The Lone Wolf in London (1947)

64 or 67 mins | Drama | 13 November 1947

Director:

Leslie Goodwins

Cinematographer:

Henry Freulich

Editor:

Henry Batista

Production Designer:

Robert Peterson

Production Company:

Columbia Pictures Corp.
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HISTORY

A Columbia plot synopsis contained in this film's production files at the AMPAS Library indicates that Jean Gillie was intially to play the part of "Iris Chatham." For additional information on the series, please consult the Series Index and see entry for The Lone Wolf Spy Hunt in AFI Catalog of Feature Films, 1931-40 ; ... More Less

A Columbia plot synopsis contained in this film's production files at the AMPAS Library indicates that Jean Gillie was intially to play the part of "Iris Chatham." For additional information on the series, please consult the Series Index and see entry for The Lone Wolf Spy Hunt in AFI Catalog of Feature Films, 1931-40 ; F3.2563. More Less

BIBLIOGRAPHIC SOURCES
SOURCE
DATE
PAGE
Box Office
17 Jan 1948.
---
Daily Variety
6 Feb 1947.
---
Daily Variety
25 Nov 1947.
---
Harrison's Reports
29 Nov 47
p. 191.
Hollywood Reporter
25 Nov 47
p. 3.
Independent Film Journal
24 May 47
p. 50.
Motion Picture Herald Product Digest
29 Nov 1947.
---
New York Times
22 Nov 47
p. 10.
Variety
26 Nov 47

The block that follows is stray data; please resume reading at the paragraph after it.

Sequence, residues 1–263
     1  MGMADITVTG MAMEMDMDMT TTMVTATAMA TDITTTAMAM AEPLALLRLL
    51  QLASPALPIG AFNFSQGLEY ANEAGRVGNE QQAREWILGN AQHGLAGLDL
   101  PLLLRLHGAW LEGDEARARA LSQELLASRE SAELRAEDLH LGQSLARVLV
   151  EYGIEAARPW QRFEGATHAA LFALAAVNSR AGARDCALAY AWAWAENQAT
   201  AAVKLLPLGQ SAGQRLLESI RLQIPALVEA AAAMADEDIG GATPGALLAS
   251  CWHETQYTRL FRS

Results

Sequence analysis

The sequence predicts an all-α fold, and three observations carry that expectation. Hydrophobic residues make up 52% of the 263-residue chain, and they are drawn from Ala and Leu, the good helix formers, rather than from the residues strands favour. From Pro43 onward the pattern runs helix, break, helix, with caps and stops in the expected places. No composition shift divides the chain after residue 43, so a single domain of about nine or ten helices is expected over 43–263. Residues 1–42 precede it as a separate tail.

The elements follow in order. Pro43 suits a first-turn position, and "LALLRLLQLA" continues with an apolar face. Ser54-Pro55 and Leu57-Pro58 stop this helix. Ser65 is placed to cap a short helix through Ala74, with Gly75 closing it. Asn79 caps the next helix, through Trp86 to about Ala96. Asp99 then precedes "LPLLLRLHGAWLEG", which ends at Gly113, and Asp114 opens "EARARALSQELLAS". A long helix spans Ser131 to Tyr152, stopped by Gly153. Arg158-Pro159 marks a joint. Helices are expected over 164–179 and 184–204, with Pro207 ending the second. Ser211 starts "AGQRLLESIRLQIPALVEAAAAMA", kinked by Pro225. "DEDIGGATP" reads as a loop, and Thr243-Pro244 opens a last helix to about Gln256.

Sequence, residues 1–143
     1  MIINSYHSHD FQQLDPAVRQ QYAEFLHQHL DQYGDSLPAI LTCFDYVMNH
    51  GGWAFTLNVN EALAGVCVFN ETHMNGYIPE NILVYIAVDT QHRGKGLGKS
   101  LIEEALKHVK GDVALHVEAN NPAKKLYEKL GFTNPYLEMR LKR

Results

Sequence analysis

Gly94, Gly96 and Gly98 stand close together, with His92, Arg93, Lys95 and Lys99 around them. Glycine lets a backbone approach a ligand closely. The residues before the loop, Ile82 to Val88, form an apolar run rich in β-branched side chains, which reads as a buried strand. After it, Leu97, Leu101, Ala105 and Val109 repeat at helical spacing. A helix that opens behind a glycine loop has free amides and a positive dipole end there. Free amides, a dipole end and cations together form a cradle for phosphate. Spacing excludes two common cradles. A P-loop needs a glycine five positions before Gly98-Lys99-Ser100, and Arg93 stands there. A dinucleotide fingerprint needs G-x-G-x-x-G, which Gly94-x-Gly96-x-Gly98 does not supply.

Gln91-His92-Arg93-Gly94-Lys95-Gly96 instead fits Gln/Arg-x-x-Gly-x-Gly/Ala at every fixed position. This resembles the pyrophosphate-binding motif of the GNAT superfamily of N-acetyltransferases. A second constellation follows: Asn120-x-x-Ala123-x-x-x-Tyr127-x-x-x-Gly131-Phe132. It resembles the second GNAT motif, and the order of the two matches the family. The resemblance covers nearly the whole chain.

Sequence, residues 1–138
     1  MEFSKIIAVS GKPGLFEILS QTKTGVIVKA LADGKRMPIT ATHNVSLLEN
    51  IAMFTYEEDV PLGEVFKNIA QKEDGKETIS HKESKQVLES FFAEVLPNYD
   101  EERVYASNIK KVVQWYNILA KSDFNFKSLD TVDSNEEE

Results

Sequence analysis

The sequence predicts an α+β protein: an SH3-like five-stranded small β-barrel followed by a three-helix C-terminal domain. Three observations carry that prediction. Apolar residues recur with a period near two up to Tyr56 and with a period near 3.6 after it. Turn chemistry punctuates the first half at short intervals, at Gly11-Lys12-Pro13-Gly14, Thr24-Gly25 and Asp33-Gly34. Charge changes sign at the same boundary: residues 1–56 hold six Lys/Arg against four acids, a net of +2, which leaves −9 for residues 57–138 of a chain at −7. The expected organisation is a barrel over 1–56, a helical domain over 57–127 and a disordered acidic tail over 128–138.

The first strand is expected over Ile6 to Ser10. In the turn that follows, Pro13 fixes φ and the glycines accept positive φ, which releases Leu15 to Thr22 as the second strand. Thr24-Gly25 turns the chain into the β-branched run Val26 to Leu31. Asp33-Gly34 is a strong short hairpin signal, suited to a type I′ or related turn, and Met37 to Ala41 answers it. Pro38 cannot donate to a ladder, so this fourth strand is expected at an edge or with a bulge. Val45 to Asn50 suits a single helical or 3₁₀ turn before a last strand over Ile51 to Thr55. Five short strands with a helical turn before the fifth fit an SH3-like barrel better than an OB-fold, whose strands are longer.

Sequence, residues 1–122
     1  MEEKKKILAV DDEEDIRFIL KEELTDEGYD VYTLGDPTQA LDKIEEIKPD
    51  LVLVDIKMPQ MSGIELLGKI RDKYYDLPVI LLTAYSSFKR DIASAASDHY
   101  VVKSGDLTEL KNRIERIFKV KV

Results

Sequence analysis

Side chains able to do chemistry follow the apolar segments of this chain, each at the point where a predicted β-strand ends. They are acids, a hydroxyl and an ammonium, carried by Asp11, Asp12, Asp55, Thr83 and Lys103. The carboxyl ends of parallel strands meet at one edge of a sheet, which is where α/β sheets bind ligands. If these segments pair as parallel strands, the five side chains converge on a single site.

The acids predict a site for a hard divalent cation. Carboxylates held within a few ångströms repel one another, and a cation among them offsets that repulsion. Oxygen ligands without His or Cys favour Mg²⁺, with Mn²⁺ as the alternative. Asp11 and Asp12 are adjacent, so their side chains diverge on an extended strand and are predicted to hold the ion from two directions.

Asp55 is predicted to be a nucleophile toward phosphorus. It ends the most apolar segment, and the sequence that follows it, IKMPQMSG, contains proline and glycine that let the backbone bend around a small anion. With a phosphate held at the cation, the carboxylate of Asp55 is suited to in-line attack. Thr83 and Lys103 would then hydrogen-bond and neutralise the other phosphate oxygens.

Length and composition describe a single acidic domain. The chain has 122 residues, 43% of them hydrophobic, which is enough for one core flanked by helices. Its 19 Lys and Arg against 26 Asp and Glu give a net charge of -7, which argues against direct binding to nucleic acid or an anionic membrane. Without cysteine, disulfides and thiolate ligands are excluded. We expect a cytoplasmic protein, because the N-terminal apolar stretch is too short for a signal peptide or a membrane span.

p. 20.
CAST
PRODUCTION CREDITS
NAME
PARENT COMPANY
PRODUCTION COMPANY
DISTRIBUTION COMPANY
NAME
CREDITED AS
CREDIT
DIRECTORS
Asst dir
PRODUCERS
PHOTOGRAPHY
Dir of photog
ART DIRECTOR
Art dir
FILM EDITOR
Film ed
SET DECORATOR
Set dec
MUSIC
SOUND
SOURCES
LITERARY
Based on the character created by Louis Joseph Vance.
DETAILS
Series:
Release Date:
13 November 1947
Production Date:
19 May--29 May 1947
Copyright Claimant:
Columbia Pictures Corp.
Copyright Date:
21 October 1947
Copyright Number:
LP1259
Physical Properties:
Sound
Western Electric Recording
Black and White
Duration(in mins):
64 or 67
Country:
United States
Language:
English
SYNOPSIS

When the priceless diamonds known as the Eyes of the Nile are stolen in London, Inspector Garvey of Scotland Yard immediately suspects Michael Lanyard, the reformed jewel thief known as "The Lone Wolf." Lanyard vehemently denies the inspector's accusation, claiming that he is merely writing a book on the jewels and was in New York at the time of the theft. After his meeting with the inspector, Lanyard joins his butler, Claudius Jamison, at their rented rooms. Both Lanyard and Jamison are experiencing financial difficulties and consequently, when Ann Kelmscott, the daughter of famed gem collector and wealthy English gentleman Sir John Kelmscott, invites them to the family estate, the pair are intrigued. At the Kelmscott house, Sir John confides that he is in desperate need of a large sum of money and asks Lanyard to arrange a confidential loan using part of his jewel collection as collateral. After leaving the house, Jamison tells Lanyard that he has learned from Lily, the maid, that Henry Robards, the family's butler, is heartbroken because his former wife, actress Iris Chatham, left him for Monty Beresford, a man who suddenly came into a considerable fortune. Jamison continues that Lily told him that Monty financed the lavish stage production that launched Iris to stardom. Upon returning home, Lanyard receives a call from Iris, inviting him to the theater that night. After her performance, Iris asks Lanyard to stay away from the Kelmscott house and then bids him goodnight. As she reaches her apartment, Robards steps from the shadows, begging for a reconciliation, to which Iris disdainfully replies that he first must accede to her demands. Piqued by ... +